Health Care Experiences Vary for Limited-English Speakers
Experiences among limited- and non-English speakers seeking health care in California can vary significantly, Capital Public Radio's "KXJZ News" reports.
Under California law, hospitals and insurers are required to offer translation services to provide "meaningful access" to health care for limited-English speakers.
However, the experiences of such individuals, particularly among Spanish speakers, can be irregular, according to "KXJZ News."
Some non-English speakers attend appointments with hired translators, while others rely on relatives to translate what their physicians are saying. However, some individuals who use relatives to translate have concerns that they might not be receiving the complete message.
David Hayes-Bautista, director of the Center for Latino Health and Culture at the UCLA School of Medicine, said that such practices are not perfect, but they can improve timely access to care.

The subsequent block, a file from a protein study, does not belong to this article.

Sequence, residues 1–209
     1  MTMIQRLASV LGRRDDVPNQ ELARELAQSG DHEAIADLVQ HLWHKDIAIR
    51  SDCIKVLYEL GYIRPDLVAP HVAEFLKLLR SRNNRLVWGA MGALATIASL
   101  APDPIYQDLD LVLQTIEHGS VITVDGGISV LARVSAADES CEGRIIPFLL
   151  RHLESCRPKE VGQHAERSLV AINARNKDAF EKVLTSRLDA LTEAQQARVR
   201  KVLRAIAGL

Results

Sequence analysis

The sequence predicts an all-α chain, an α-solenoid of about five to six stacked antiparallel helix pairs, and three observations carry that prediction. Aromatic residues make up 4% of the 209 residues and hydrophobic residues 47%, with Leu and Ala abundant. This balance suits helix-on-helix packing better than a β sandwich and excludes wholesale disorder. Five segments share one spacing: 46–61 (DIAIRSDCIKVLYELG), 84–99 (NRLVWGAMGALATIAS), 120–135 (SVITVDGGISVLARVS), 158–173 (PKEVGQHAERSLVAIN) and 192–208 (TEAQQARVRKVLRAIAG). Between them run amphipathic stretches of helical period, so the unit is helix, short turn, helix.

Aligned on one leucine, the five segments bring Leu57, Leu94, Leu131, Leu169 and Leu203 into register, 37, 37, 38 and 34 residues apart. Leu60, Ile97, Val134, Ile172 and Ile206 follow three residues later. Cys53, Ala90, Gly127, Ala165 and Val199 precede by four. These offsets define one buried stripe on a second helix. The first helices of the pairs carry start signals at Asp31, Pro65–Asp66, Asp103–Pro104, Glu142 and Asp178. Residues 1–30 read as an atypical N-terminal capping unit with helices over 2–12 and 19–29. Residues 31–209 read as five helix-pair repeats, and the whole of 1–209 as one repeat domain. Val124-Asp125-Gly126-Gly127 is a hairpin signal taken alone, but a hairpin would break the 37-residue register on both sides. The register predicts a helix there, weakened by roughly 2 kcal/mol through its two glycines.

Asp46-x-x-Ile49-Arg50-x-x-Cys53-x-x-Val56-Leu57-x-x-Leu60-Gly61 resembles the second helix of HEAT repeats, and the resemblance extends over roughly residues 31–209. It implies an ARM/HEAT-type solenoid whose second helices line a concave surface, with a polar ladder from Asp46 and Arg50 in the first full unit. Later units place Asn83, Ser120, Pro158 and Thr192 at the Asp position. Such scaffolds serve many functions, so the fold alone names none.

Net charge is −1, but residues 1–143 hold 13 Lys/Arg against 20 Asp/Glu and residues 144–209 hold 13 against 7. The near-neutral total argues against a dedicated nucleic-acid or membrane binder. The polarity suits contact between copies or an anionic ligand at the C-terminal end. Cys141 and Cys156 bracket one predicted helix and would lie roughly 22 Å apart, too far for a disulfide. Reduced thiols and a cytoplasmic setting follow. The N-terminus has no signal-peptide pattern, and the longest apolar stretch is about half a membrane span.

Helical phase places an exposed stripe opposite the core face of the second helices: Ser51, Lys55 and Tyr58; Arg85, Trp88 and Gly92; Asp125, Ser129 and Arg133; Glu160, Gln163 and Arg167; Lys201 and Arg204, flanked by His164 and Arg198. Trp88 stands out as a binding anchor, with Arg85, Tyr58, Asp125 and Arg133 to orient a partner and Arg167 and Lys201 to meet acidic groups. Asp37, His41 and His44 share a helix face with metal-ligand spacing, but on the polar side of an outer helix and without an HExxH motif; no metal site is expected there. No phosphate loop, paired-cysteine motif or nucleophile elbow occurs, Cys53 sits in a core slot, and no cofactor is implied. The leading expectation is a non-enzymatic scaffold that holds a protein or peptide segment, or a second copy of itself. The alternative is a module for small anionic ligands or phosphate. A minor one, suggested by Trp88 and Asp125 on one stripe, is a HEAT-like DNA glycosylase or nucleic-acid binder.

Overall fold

Meanwhile, some limited-English speaking patients who seek care at facilities with Spanish-speaking providers might not fully comprehend all of the information they are given. Experts say that could be the result of language barriers or the complexity of medical terminology.
According to Hayes-Bautista, the root of the problem is a shortage of Latino physicians in California.
He noted that the issue could be remedied in part by:
- Recruiting more physicians from Mexico or Latin America; and
- Training more Latino and Spanish-speaking medical students (Bartolone, "KXJZ News," Capital Public Radio, 5/11).